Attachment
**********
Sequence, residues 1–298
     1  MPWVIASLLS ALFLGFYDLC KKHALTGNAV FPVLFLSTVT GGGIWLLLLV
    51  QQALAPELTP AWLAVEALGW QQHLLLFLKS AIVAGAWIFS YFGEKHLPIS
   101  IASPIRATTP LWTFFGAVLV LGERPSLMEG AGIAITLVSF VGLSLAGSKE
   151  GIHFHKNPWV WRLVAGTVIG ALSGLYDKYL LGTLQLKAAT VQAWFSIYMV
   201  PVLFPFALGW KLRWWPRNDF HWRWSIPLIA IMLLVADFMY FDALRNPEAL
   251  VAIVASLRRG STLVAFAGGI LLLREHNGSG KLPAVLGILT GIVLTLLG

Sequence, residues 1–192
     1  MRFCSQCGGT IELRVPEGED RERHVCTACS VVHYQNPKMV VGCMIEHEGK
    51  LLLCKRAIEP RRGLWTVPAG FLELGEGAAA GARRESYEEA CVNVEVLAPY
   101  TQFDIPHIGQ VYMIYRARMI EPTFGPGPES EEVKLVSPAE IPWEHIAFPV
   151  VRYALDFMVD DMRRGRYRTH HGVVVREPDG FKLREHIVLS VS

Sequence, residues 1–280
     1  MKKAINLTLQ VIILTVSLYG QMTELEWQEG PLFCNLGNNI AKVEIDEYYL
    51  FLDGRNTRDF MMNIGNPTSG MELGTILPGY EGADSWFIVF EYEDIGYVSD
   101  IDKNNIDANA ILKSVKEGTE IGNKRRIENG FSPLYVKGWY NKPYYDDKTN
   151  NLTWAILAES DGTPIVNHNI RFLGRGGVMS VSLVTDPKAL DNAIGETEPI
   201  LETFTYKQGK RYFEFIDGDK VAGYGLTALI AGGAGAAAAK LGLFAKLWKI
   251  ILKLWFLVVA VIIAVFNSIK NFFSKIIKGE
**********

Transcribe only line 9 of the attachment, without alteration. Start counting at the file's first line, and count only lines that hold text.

     1  MRFCSQCGGT IELRVPEGED RERHVCTACS VVHYQNPKMV VGCMIEHEGK